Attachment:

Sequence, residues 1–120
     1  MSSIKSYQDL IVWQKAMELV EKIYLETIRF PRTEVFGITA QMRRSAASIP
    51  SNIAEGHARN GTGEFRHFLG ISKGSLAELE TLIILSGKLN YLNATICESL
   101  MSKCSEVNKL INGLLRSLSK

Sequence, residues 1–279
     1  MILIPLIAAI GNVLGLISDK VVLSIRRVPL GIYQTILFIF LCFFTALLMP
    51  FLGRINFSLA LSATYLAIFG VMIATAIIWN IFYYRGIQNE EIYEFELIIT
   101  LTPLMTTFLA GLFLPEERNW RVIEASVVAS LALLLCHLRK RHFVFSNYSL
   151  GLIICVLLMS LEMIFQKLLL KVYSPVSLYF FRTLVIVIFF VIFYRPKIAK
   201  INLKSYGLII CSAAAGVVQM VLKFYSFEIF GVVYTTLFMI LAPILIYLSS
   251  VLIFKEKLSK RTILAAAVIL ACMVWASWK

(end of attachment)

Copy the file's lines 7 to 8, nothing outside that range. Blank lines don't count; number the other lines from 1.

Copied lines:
    51  FLGRINFSLA LSATYLAIFG VMIATAIIWN IFYYRGIQNE EIYEFELIIT
   101  LTPLMTTFLA GLFLPEERNW RVIEASVVAS LALLLCHLRK RHFVFSNYSL